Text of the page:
As a consequence of this debate, a divide between the people has come into being between “the whites,” i.e. those who are completely and unconditionally supporting the revolution, and “the blacks,” i.e. those with a more critical view. But this completely contradicts the statement that the Velvet Revolution was a revolution of “love and solidarity.” Black and white labeling instead divided our people more than in the era of the Republicans. Unfortunately, only a few people would admit it.

This hysteria of overprotection and the lack of the acceptance of constructive criticism which we are currently seeing eventually brought about the creation of the term Phascism discussed above. In consequence of the term, people who are not worshipping the new administration are now also seen as “the enemy of the nation”.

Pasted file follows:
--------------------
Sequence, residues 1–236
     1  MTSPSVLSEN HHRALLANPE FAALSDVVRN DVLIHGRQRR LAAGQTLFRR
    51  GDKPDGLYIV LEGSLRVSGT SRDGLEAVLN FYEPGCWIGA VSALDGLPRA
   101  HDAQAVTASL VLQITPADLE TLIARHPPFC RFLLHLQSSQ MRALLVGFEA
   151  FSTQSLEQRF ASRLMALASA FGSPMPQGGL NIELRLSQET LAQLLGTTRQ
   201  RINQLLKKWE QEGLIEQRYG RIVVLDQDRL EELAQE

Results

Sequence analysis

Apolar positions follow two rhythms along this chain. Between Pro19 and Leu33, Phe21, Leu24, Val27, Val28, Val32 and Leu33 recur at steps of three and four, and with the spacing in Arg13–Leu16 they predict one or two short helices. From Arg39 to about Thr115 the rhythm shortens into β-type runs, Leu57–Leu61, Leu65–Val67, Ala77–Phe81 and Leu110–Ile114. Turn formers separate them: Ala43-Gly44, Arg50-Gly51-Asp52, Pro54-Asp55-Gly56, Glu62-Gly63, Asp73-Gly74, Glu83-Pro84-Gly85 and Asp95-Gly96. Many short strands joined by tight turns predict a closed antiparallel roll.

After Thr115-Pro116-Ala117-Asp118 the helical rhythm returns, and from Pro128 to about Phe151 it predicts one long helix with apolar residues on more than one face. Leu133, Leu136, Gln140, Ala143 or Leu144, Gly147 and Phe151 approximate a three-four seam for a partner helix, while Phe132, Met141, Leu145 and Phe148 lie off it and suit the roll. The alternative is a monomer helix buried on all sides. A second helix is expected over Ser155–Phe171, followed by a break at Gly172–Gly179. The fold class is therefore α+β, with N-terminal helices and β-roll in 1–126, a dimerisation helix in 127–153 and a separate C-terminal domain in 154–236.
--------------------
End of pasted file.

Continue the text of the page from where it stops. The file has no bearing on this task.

This process is ongoing. Consequently, most people prefer to be silent and discuss problems merely in inner circles (just as they did the last twenty years). Meanwhile, the ones who use media and directly and honestly raise awareness about the issues receive constant hatred.

From a nation obsessively hating one regime we smoothly transferred to a nation which obsessively worships another. The worst part of the story is that I feel that before I could express my discontent much easier than now. We are in a horrible struggle of being people hoping for the best who are lost in their understanding of what is the best for us.

I agree that what we Armenians did is extraordinary and I am proud of it. We crashed stereotypes, we changed our own history by becoming just a bit braver. We also shook off the post-Soviet dust that had sat on us and proved to ourselves that our voice does matter.